10 Moments in History that Shaped Seoul

Royal Guard Appointment Ceremony at Gyeongbokgung Palace
Royal Guard Appointment Ceremony at Gyeongbokgung Palace | © KoreaNet / Flickr
Mimsie Ladner

Known for its fascinating history, vibrant youth culture, and UNESCO World Heritage sites, Seoul has been a major political, financial, and cultural hub of South Korea since the 1300s. Through the years, it has seen a multitude of hardships and victories that have shaped it into the buzzing metropolis it is today. Here are a few of its most noteworthy moments.

October 1394

The Joseon Dynasty relocated Korea’s capital to Seoul. At that time, the city was known as Hanyang. Later the name changed to Hanseong, meaning “fortress city on the Han River.” Within a few years, the entire city would be surrounded by an enormous circular wall to provide its citizens protection from invasions, thieves, and wild animals, including tigers and bears.

A reenactment of a royal procession at Gyeongbokgung Palace in Seoul

September 1404

June 1904

Following the installation of street lights on Seoul’s Jongno 3-ga, and the commencement of telephone operations by the Hanseong Phone Exchange, public toilets were installed, making the city the first in East Asia to have electricity, streetcars, running water, and telephone systems all at the same time. American historian Angus Hamilton noted the city during his 1904 visit: “Seoul is within measurable distance of becoming the highest, most interesting and cleanest city in the East.”

A streetcar runs through Seoul, October 1945

August 1910

On August 22, the Japan–Korea Treaty of 1910 was signed. This officially started the period of Japanese rule in Korea. Subsequently, Seoul was made to be the headquarters for Japan’s governor-general. While under colonial rule (1910–1945), the city became known as “Keijo” in Japanese, or “Gyeongseong” in Korean.

1945

As World War II came to an end, the Korean capital became occupied by US troops, who were using the city as headquarters as they moved into positions south of the 38th parallel. On August 15, Korea was liberated from Japanese colonial rule, and the Korean peninsula divided in half, with the north under Soviet rule and the south under American occupation. The capital’s name changed to Seoul.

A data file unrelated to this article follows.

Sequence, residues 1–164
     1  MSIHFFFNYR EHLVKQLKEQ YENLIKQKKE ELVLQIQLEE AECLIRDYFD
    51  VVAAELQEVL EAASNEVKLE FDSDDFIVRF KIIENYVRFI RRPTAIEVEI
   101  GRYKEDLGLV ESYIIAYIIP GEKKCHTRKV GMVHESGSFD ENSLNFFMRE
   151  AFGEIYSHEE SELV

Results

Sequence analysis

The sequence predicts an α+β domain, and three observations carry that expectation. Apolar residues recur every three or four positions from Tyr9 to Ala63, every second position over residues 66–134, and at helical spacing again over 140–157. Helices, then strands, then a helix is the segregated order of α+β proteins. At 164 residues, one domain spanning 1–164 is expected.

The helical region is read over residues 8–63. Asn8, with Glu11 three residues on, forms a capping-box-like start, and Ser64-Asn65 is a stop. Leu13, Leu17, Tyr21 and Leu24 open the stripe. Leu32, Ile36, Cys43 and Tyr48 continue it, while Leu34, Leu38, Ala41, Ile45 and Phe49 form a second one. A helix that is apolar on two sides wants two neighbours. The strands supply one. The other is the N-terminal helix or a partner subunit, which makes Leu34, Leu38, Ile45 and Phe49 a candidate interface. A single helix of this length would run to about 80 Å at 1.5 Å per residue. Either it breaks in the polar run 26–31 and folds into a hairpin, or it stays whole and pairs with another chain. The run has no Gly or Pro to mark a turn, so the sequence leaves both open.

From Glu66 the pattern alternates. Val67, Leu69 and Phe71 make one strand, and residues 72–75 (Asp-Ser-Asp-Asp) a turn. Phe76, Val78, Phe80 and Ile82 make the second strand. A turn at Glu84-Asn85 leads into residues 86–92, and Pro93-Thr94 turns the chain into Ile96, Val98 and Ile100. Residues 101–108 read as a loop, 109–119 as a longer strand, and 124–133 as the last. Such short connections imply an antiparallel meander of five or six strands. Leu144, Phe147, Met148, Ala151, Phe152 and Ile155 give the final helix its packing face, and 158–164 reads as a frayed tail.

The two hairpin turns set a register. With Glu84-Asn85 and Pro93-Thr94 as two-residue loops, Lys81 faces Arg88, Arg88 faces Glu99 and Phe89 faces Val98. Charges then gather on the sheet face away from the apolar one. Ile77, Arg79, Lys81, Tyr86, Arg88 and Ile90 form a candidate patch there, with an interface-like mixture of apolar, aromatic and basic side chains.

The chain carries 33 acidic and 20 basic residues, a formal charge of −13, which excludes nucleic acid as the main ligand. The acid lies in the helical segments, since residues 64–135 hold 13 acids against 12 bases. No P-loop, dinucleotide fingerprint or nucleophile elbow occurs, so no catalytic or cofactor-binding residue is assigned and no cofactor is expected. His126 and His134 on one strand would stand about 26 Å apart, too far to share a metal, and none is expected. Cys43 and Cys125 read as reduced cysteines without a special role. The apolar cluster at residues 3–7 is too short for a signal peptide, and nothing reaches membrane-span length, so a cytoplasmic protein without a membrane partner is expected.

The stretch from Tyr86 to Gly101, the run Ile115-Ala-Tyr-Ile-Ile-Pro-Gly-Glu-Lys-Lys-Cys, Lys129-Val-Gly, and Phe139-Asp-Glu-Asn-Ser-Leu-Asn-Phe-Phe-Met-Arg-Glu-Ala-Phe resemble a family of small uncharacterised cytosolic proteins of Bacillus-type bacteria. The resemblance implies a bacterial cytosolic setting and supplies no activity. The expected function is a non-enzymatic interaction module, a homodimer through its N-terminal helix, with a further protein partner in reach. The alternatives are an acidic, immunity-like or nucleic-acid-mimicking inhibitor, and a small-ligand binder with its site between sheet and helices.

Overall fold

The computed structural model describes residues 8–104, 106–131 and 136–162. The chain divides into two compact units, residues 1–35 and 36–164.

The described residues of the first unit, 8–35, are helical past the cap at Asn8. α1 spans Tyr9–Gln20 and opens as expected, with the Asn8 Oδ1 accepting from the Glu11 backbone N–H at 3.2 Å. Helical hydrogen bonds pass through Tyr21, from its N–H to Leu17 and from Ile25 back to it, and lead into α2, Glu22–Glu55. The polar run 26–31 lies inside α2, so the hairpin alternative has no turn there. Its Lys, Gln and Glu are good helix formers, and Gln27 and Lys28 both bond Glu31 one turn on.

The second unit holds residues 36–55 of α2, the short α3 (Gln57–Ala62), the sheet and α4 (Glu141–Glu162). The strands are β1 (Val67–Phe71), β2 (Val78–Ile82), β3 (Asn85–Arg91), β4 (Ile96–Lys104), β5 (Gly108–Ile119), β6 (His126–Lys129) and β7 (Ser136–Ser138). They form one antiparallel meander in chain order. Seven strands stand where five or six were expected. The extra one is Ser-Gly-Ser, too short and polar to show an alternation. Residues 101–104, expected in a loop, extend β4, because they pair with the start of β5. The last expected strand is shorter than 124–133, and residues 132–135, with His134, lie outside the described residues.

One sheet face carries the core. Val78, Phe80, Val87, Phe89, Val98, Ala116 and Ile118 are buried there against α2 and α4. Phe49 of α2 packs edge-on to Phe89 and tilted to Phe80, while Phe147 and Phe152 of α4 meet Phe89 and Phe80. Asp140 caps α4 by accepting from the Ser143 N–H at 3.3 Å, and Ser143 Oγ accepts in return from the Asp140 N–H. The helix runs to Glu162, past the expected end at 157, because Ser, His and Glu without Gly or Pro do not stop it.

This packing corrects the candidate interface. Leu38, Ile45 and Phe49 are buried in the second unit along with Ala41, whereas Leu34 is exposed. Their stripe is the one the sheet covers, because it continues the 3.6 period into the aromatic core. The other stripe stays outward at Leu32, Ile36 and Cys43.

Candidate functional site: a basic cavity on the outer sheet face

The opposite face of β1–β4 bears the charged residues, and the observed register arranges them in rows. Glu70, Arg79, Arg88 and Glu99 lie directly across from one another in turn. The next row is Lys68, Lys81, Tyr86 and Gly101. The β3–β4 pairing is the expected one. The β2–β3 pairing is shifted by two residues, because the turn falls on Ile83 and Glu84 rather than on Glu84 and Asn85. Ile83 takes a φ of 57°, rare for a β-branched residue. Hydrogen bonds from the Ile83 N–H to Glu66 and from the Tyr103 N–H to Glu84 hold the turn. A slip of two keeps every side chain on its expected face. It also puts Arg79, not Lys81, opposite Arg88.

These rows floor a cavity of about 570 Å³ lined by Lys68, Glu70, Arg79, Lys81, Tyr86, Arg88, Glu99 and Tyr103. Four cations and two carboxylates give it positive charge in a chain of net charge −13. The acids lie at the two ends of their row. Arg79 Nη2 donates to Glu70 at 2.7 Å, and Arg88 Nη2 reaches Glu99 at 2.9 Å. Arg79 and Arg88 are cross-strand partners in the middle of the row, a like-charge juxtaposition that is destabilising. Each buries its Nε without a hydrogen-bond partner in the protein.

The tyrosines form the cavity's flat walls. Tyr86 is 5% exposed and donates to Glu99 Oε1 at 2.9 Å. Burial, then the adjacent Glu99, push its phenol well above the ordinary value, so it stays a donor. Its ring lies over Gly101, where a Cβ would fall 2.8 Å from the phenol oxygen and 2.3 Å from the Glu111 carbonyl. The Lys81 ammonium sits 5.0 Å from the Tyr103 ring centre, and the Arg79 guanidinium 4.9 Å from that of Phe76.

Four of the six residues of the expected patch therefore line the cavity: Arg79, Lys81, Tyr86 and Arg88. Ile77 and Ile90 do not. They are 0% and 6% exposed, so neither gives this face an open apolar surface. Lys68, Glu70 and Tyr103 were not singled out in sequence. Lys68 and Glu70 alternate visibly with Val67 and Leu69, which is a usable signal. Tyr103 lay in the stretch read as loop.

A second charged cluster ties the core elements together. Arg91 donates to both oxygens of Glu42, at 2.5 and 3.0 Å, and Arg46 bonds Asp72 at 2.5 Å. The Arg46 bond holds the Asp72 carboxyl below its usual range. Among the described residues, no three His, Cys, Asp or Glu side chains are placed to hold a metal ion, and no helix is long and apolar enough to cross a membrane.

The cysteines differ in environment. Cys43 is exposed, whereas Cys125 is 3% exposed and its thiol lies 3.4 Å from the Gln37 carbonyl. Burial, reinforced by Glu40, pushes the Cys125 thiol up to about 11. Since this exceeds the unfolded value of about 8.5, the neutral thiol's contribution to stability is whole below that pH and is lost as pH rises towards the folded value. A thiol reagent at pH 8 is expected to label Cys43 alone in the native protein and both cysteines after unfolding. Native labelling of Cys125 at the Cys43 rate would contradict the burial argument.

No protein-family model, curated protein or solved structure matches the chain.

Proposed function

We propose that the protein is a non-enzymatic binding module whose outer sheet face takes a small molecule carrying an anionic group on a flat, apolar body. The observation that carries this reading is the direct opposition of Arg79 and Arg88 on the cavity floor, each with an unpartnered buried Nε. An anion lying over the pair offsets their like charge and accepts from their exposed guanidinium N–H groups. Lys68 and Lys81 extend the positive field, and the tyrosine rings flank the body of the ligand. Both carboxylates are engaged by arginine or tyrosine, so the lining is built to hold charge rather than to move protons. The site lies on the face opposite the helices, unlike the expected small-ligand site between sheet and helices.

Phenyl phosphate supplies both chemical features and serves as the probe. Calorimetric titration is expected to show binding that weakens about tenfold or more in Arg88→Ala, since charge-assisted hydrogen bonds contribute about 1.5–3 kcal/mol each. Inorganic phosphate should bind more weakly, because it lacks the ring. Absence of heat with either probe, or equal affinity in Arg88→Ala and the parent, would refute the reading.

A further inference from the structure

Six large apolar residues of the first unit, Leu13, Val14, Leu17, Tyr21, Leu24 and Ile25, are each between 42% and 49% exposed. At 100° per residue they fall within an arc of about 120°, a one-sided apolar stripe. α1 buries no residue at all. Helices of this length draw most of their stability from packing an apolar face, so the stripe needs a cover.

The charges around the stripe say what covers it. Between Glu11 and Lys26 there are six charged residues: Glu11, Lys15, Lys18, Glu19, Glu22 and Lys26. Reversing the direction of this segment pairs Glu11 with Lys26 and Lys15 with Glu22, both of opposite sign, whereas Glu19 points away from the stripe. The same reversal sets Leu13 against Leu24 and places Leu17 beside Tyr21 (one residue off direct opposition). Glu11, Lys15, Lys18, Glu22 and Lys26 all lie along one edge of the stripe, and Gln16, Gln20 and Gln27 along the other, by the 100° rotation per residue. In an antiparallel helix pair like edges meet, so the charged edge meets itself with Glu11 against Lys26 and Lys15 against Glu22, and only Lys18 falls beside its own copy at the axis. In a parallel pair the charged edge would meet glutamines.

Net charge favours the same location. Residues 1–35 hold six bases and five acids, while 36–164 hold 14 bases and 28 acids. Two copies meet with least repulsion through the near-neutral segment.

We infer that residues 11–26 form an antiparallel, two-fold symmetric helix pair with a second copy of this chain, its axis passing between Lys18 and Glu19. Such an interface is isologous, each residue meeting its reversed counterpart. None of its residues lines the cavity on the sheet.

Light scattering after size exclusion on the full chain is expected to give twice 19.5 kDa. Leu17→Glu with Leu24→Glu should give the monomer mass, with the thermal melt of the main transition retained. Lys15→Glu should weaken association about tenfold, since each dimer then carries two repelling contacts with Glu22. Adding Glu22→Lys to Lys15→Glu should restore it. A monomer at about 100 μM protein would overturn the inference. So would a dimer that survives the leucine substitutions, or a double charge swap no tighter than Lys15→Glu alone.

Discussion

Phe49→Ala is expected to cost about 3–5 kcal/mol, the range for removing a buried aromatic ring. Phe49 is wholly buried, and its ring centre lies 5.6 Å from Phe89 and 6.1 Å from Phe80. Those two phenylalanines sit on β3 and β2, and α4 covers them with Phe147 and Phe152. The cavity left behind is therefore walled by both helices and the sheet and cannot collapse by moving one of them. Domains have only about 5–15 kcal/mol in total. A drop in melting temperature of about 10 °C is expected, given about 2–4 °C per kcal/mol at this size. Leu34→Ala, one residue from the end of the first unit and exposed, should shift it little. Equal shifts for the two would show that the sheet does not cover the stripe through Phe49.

June 25, 1950

It was in 1950 when North Korean troops invaded South Korea, beginning the Korean War. Four days later, North Korea captured Seoul. The city would change hands between the United Nations and North Korea multiple times before March 14, 1951, when the UN would regain control of Seoul and hold it until the end of the war.

North Korean prisoners-of-war are rounded up by UN troops in downtown Seoul, September 1950

July 27, 1953

An armistice was signed at Panmunjom, issuing a cease-fire between military forces. It is estimated that at least 2.5 million persons lost their lives in the Korean War, making it one of the deadliest wars in modern history. Much of Seoul would remain in ruin while millions of its citizens would experience homelessness and poor living conditions until the city was reconstructed and industrialized in the 1960s and 1970s.

1988

Seoul hosted the 1988 Summer Olympic Games, which put the city back into the international spotlight. Around this time, national development plans were implemented to accommodate international businesses and budding high-tech industries, thus establishing Seoul as a cultural, political, economic, and transportation hub for northeastern Asia.

Hodori, the mascot of the 1988 Summer Olympics in Seoul

March 10, 2017

South Korea’s Constitutional Court upheld the impeachment of President Park Geun-hye, removing her from office over a scandal involving interventions to the presidency from her aide. Park’s impeachment was instigated by country-wide protests – many of which were held in Seoul’s Gwanghwamun Plaza – that saw millions of South Koreans demanding her removal from office. Park would be sentenced to a 30-year prison term for alleged bribery in 2018.

Protesters gather in Seoul’s Cheonggye Plaza in an effort to impeach Park Geun-hye

April 27, 2018

During a day-long summit in the truce village of Panmunjom, some 35 miles north of Seoul, South Korean President Moon Jae-in and North Korean leader Kim Jong Un pledged to formally end the Korean War, 65 years after hostilities ceased. Promises were made during the truce to end conflicts and improve the relationship between Korea’s two halves.

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